Proc Natl Acad Sci U S A 2003 Mar 24;
Lee J, Ryu H, Ferrante RJ, Morris SM Jr, Ratan RR.
Deparment of Neurology and paragraph sign Program in Neuroscience, Harvard Medical School and Beth Israel Deaconess Medical Center, Boston, MA 02115; Geriatric Research and Education and Clinical Center, Bedford Veterans' Administration Medical Center, Bedford, MA 01730; Departments of Neurology, Pathology, and Psychiatry, Boston University School of Medicine, Boston, MA 02115.
L-arginine is the only endogenous nitrogen-containing substrate of NO synthase (NOS), and it thus governs the production of NO during nervous system development as well as in disease states such as stroke, multiple sclerosis, Parkinson's disease, and HIV dementia.
The "arginine paradox" refers to the dependence of cellular NO production on exogenous L-arginine concentration despite the theoretical saturation of NOS enzymes with intracellular L-arginine.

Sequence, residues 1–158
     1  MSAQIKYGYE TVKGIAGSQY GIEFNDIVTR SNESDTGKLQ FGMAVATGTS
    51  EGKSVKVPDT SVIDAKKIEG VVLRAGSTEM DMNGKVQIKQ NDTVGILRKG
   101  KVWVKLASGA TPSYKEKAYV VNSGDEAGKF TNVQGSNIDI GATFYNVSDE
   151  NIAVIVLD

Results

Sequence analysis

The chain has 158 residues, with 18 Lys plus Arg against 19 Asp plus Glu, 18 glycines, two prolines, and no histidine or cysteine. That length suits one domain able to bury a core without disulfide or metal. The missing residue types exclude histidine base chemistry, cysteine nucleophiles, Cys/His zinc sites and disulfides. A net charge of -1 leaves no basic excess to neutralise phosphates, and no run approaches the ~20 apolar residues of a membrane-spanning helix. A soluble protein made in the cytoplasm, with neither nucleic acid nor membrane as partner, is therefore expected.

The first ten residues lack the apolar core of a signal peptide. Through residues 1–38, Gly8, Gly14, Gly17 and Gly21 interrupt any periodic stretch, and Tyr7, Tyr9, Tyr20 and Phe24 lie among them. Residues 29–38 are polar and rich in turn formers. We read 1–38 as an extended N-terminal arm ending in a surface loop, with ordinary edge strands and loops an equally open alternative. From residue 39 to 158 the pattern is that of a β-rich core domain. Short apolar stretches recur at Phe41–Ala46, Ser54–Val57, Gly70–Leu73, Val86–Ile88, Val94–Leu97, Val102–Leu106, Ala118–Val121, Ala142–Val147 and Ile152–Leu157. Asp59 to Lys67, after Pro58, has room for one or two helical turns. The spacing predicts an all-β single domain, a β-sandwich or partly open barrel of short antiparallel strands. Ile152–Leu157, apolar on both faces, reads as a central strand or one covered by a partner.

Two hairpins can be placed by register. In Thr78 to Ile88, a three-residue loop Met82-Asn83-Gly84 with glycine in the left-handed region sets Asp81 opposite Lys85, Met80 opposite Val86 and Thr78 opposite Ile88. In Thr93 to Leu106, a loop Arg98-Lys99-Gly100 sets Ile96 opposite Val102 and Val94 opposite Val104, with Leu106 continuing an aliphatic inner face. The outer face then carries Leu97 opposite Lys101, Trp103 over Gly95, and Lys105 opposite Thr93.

Herein, we report that decreased availability of L-arginine blocked induction of NO production in cytokine-stimulated astrocytes, owing to inhibition of inducible NOS (iNOS) protein expression.
However, activity of the promoter of the iNOS gene, induction of iNOS mRNA, and stability of iNOS protein were not inhibited under these conditions.
Our results indicate that inhibition of iNOS activity by arginine depletion in stimulated astrocyte cultures occurs via inhibition of translation of iNOS mRNA.
After stimulation by cytokines, uptake of L-arginine negatively regulates the phosphorylation status of the eukaryotic initiation factor (eIF2alpha), which, in turn, regulates translation of iNOS mRNA.
eIF2alpha phosphorylation correlates with phosphorylation of the mammalian homolog of yeast GCN2 eIF2alpha kinase.
As the kinase activity of GCN2 is activated by phosphorylation, these findings suggest that GCN2 activity represents a proximal step in the iNOS translational regulation by availability of L-arginine.
These results provide an explanation for the arginine paradox for iNOS and define a distinct mechanism by which a substrate can regulate the activity of its associated enzyme.